In this example, Charter charges $20 more per month for slower speeds on the street where it faces no serious competition. When customers in two areas purchase the same speeds, the customer on the street without competition could have to pay $40 more per month and would have their promotional rates expire after only one year instead of two.

Stop the Cap said it examined promotional offers to new customers in the metro Rochester, New York, market, “where Spectrum faces token competition from Frontier’s slow speed DSL service” and more robust competition in limited areas from Greenlight Networks’ fiber service. Greenlight fiber is available in 23 percent of Rochester, while Charter cable is available to homes throughout the city, according to BroadbandNow. Greenlight prices start at $50 per month for 500Mbps.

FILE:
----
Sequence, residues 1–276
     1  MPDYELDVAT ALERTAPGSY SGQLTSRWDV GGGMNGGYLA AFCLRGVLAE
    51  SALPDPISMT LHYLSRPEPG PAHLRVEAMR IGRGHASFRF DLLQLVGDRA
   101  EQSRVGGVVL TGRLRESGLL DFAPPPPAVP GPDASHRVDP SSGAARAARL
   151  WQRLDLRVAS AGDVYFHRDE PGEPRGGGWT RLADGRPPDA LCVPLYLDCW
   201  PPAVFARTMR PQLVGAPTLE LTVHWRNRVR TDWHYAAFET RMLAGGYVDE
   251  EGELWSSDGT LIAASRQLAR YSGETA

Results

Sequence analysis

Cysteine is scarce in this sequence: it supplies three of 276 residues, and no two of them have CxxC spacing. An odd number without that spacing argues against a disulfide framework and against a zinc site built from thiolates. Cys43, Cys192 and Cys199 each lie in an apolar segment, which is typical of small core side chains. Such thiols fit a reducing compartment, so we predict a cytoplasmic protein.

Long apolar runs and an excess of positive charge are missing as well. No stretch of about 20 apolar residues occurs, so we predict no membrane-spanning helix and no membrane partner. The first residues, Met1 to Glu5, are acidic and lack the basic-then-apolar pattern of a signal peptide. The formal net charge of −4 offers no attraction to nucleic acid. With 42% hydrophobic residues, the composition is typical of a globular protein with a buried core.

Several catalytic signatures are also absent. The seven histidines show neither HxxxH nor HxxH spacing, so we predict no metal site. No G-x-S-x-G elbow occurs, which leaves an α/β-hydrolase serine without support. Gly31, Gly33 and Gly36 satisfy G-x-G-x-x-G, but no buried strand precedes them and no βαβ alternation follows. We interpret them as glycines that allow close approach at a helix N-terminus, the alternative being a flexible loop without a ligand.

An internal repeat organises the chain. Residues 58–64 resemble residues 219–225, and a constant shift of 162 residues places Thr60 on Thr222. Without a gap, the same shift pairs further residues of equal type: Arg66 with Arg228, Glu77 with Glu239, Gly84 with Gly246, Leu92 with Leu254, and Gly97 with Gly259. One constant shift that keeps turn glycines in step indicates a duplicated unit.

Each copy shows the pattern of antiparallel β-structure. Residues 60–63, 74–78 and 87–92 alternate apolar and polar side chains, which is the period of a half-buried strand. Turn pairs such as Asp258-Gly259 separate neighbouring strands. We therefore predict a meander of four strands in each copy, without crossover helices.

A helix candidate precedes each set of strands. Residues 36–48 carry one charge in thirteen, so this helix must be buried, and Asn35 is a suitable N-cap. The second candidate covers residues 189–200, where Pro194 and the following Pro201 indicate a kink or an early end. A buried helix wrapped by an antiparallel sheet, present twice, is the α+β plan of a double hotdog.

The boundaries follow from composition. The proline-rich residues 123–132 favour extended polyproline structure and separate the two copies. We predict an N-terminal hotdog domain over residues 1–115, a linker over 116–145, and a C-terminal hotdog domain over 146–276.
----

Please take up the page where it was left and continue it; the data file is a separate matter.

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#biz-it, #broadband, #cable, #charter, #fiber, #policy, #spectrum

Biden cuts broadband plan from $100 billion to $65 billion to match GOP offer

President Joe Biden standing and speaking in front of microphones.

Enlarge / President Joe Biden speaks in the Roosevelt Room of the White House on Thursday, May 13, 2021. (credit: Getty Images | Bloomberg)

President Biden has cut his broadband-deployment spending proposal from $100 billion to $65 billion, matching the lower amount proposed by Republicans. But Republicans still object to Biden’s overall infrastructure spending plan and have consistently opposed the municipal broadband networks that Biden wants to prioritize in government-funded projects.

Biden “agreed to reduce the funding request for broadband to match the Republican offer and to reduce the proposed investment in roads, bridges, and major projects to come closer to the number proposed by the senators. This is all in the spirit of finding common ground,” White House Press Secretary Jen Psaki said on Friday during a media briefing.